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World Cancer Day and InspireHealth

Inspire Health Event Calendar February 4, 2015

Written by: Dr. Hal Gunn, MD, co-founder and CEO of InspireHealth

We often metaphorically think of cancer in the terms of warfare, as in, we are in a battle or a fight against an invisible enemy inside ourselves. Part of that same lexicon is the word ‘survivorship’ which is often a word that defines those who have had a cancer diagnosis and are still living. The good news is that with the world-class cancer prevention and treatment, there are more survivors of cancer who are living longer.

Many cancers have high rates of survival. According to Canadian Cancer Statistics from 2014, 63% of Canadians diagnosed with cancer will survive at least 5 years after their diagnosis. In some of the most common varieties the five year survival numbers climb:  breast cancer (88%) and prostate cancer (96%) depending on how early the stage of cancer.

In a sense, we can no longer think of cancer as specifically as an acute illness, but one that requires a long-term management approach, similar to that of other chronic diseases like diabetes, obesity and heart disease.

The example often presented of our evolving understanding of chronic disease management is how we treat patients with heart disease. Just a couple decades ago, if you had heart disease it was considered a life-limiting condition that often led many people living with the condition to withdraw from life. An American medical doctor named Dean Ornish upset the applecart when he published his ground breaking research in the Lancet medical journal in 1990 that showed how a lifestyle driven approach could reverse the course of heart disease. His approach engaged patients to change their diets, increase their physical activity and use stress reduction techniques like yoga and meditation along with other psychosocial support.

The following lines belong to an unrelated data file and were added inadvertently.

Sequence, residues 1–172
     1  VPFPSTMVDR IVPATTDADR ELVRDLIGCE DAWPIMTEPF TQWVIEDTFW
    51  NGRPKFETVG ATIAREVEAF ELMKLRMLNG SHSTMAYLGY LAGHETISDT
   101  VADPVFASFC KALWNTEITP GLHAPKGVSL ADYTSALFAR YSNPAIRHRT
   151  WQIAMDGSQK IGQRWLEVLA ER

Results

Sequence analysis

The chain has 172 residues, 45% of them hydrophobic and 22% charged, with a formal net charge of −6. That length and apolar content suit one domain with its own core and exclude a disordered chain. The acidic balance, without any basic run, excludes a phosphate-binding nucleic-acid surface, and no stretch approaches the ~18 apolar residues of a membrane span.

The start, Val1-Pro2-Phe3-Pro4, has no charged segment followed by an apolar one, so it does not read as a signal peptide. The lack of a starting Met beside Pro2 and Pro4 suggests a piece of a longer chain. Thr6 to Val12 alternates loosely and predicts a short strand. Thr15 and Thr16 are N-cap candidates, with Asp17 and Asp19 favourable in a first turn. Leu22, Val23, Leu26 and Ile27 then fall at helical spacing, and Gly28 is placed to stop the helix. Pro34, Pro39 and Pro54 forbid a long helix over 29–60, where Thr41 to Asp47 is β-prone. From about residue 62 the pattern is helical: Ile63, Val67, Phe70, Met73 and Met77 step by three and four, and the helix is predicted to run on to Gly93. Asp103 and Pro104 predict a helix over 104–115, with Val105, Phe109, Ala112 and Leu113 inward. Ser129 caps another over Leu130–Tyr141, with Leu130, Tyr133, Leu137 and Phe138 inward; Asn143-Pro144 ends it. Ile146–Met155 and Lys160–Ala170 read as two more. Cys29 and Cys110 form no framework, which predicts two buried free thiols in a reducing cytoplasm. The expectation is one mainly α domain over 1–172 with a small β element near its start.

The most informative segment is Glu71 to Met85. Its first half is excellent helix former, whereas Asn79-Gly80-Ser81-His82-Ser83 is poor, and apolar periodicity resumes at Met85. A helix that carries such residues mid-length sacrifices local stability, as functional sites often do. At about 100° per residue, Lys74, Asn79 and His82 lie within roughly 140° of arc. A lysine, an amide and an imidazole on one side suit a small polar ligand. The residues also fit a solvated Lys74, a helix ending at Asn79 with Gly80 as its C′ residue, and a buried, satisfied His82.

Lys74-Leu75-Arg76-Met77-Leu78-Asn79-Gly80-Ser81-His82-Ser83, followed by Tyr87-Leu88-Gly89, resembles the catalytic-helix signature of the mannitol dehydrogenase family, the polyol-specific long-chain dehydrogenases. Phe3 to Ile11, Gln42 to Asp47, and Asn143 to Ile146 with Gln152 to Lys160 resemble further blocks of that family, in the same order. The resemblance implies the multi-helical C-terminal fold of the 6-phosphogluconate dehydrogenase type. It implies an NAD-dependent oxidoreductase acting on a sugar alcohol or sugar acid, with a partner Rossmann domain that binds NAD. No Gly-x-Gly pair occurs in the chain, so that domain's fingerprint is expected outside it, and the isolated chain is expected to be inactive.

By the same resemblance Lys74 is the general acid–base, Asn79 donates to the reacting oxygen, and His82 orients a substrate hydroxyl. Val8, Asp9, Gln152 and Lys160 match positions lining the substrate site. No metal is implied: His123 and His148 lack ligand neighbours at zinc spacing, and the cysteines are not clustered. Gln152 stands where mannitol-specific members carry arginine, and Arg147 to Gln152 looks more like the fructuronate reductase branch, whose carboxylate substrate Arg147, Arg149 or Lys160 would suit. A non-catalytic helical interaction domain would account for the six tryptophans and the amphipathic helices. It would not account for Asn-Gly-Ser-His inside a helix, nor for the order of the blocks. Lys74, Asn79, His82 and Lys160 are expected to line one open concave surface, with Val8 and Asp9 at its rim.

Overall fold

In many ways the amazing medical results Dr. Ornish’s program achieved were just the tip of the profound benefits that come with patients adopting an approach that allowed them to take more control in their lives and to better engage in their health. This lifestyle based approach is now broadly applied to many different chronic illnesses, and it is likely the next frontier for cancer follow-up care.

Quality of Life is a term often mentioned in medicine, and it is increasingly recognized that Quality of Life impacts health and outcomes in many different ways. For a person diagnosed with cancer, their life takes a dramatic turn towards the unknown which includes a wide gamut of psychological, physical and other social challenges that come as a result of a cancer diagnosis. During this challenging time, supporting health and quality of life can be essential to regaining health, improving outcomes, and getting life back on track.

The human body has a remarkable ability to heal. As we engage in our own health by making the choices that best serve us mentally, physically, emotionally and spiritually, we greatly support the healing process. The not-for-profit organization I co-founded, InspireHealth, has worked with people living with cancer for over 17 years, and we have found that nutrition, exercise, stress relief, meditation, and emotional and spiritual support can help transform the anxiety and fear of a cancer diagnosis into improved Quality of Life and engagement in health. 

Starting this month, InspireHealth will be offering free membership to all people from Vancouver Island and the Gulf Islands living with cancer thanks to a grant from the Victoria Foundation and private donors. This is the first time we have ever been able to provide our services without fees, which we believe to be the biggest barrier to access for most cancer patients.

Many services that relate to nutrition, exercise therapy, counseling and health either have fees or have limited resources, despite a growing body of evidence that demonstrates that lifestyle changes that result from these programs can have an important and essential impact on the lives of people living with cancer. Today is World Cancer Day, and this is a good time to reflect on how vital follow-up care can be to help the many who live with cancer to find hope and meaning beyond just surviving.

InspireHealth is a team of family physicians, nutritionists, exercise therapists, clinical counsellors and administrative staff who offer cancer patients an opportunity to take an honest look at the bigger picture of their health and formulate an individualized plan to improve on aspects of health like nutrition, exercise, sleep, how to deal with stress, healthy communication, rekindling passion and joy in living and their place in the community. This process can happen any time before, during and after standard cancer treatments. Learn more at www.inspirehealth.ca